When nails dehydrate and go back to their natural shape, it puts pressure on the dried polish,” he says. “So many nail polish removers have oils and lanolin in them, things to make them less harsh,” explains Bachik. “That leaves residue on the nail and keeps the polish from every actually sitting on the nail. ” His solution: Use isopropyl alcohol on a cotton pad to cleanse the nail just before applying polish.
Bachik says that when he wants a client’s manicure to last a long time, he opts for a waterless manicure, or a manicure without the soaking step. “Our nails are porous, so when the polish is applied onto a nail that has been soaked, you’re likely to have more splitting and pilling.
Bachik explains that using a base coat can help extend the life of the polish—it also helps to smooth out the base of the nail. “The smoother the nail, the higher the shine,” he says. “It also helps as a stain blocker from deep, rich polish colors and acts as a layer of protection in between. J. Sponsored Dr.
No matter the polish color, if your cuticles are dry, Bachik says hangnails and tough cuticles will become more prominent. “If you’re constantly caring for your cuticles, you’ll have less of a mess to clean up when you do this at home,” says Bachik, who always recommends moisturizing with a cuticle oil or hand lotion before bed.
The way our hands are positioned while filing is another huge factor in achieving the perfect result. “You don’t want to file with the palms of your hands facing you because you’ll begin to follow the shape of your fingers and knuckles, and they’re each a little bit different,” says Bachik.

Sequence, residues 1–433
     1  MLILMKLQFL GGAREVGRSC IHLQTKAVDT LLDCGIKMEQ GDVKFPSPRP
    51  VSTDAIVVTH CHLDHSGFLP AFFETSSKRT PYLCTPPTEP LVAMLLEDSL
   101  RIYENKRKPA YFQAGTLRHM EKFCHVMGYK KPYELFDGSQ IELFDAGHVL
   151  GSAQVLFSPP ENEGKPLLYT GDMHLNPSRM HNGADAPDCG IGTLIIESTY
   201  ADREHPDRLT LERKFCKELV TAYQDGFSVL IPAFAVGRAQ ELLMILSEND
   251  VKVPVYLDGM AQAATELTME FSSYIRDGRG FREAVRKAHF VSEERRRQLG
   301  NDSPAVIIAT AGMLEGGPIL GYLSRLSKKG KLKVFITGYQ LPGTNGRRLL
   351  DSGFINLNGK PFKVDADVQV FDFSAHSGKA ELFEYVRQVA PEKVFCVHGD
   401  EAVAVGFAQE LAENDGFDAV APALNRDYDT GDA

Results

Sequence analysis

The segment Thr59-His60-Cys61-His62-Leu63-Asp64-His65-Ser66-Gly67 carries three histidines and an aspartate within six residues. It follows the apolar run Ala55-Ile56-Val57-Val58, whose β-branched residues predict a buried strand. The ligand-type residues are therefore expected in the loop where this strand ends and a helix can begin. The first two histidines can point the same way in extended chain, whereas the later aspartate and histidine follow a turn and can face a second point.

Here, Bachik explains the most common mistakes we are probably making while giving ourselves a manicure. “The only thing we should be clipping is the cuticle—a thin, waxy film that grows onto the nail as it grows,” he says.
Many of us haven’t given our nail files a second thought, but Bachik says we should do some research before we buy one. “You want to look for a high grit number, anywhere from 180 to 280 grit is great,” Bachik instructs. “180 is perfect for pedicures; 240 is great for manicures, but something like 400 is too smooth—it will act more as a buffer.
According to Bachik, the correct technique involves filing from the sides of the nail to the center, focusing on one side at a time, instead of a see-saw motion from side to side. “By filing from the side to the center, you’ll ensure an even file on both sides of the nail.